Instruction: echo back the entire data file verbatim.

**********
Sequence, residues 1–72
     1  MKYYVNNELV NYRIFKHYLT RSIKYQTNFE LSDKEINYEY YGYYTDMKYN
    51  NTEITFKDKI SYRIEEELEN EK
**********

Sequence, residues 1–72
     1  MKYYVNNELV NYRIFKHYLT RSIKYQTNFE LSDKEINYEY YGYYTDMKYN
    51  NTEITFKDKI SYRIEEELEN EK